“If the city center disappears this will stop being Ishinomaki. That matters for tourism too. Who’s going to come here to take a tour of Aeon?” says Mr. Endo, referring to the bustling mall on the outskirts of town.

Ishinomaki shoppers began drifting away from downtown shopping districts in favor of big box stores long before the tsunami hit, Endo says. The pattern is common throughout Japan. In some rural areas falling population was also hitting local businesses hard.

The disaster accentuated these trends.

“If a company has a certain amount of financial muscle and operates in multiple locations outside the disaster area, it can survive. Small local companies are more likely to go under,” explains Satoru Masuda, director of the Disaster Recovery Research Center at Tohoku University’s economics faculty.  

The debate about government support

Historically, Japan’s government engineered policies to support mid-sized and small businesses, he says. That kind of support has declined recently.

“The disaster hit within that context. There’s a debate going on right now over how much the government should support small businesses,” he says.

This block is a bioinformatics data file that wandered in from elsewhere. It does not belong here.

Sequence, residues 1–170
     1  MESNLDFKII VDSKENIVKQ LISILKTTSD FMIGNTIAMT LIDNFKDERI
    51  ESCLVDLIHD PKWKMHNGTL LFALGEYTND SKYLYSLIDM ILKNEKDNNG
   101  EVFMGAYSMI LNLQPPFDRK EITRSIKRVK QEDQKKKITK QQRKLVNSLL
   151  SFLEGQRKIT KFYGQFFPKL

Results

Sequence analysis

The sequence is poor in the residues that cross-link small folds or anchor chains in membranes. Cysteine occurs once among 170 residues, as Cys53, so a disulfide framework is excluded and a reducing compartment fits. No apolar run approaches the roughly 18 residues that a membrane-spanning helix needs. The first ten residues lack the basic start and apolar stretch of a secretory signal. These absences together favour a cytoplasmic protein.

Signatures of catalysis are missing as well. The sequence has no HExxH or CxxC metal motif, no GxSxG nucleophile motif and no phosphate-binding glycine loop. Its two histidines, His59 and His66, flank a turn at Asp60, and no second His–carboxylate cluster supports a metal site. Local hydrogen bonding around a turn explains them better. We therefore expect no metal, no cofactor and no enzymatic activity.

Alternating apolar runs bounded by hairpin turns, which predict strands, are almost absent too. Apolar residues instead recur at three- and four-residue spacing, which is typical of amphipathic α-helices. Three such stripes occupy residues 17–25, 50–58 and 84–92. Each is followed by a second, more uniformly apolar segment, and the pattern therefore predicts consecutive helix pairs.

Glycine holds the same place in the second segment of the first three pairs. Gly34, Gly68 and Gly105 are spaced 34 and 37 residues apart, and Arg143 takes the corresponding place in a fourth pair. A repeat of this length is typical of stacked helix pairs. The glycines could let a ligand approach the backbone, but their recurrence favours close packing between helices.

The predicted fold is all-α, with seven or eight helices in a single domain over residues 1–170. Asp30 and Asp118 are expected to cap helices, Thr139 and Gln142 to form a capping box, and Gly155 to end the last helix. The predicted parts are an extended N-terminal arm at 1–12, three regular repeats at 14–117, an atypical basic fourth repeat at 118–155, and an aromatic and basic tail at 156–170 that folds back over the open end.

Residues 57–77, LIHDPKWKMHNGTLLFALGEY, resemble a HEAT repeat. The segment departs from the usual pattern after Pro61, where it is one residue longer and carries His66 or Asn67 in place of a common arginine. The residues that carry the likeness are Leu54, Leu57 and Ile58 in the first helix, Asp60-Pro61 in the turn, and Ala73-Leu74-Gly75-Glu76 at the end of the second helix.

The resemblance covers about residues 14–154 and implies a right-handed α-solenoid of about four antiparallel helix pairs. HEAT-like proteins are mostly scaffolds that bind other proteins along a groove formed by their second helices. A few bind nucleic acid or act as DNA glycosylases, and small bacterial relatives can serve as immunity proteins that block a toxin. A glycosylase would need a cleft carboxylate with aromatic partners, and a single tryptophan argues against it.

Laws prevent recovery money from flowing directly to individual companies. Since the damage was so severe and extensive, however, the government has created a system through which businesses can receive subsidies if they apply for help in groups.

In the fishing port of Kesennuma, 35 miles north of Ishinomaki, Chamber of Commerce Director Ryoichi Kumagai says that, so far, about 700 out of 3,314 damaged businesses have received money through the program. The funds will help them rebuild, but they won’t secure long-term success.

“Houses are going to be rebuilt on higher land away from downtown. It will be hard to move the shopping arcades to those areas too, so we’ll need some way to draw customers back downtown. The city’s reconstruction plan doesn’t go into detail about how to get the shopping areas back on their feet,” he says.  

One company in Ishinomaki is working on a strategy to do just that. Machizukuri Manbow – the same company that runs a famous manga museum in town – is spearheading plans for a walkable city center dotted with tourist attractions and shopping complexes. Locally-owned stores will occupy the first floor of these complexes and shopkeepers will live upstairs, high above any future floods. The company is also lobbying the city to build a produce market and event space on top of a tall river embankment planned nearby. The government’s group subsidies will help finance the projects.

But grocer Kimura says he wants nothing to do with subsidies that force businesses into alliances that may turn messy later. He simply wants to reopen his old store in his old neighborhood.

“For someone like me, there is no support. We’re forced to rebuild with our own resources,” he says.

No matter how hard that may be, he says, he is determined to do so.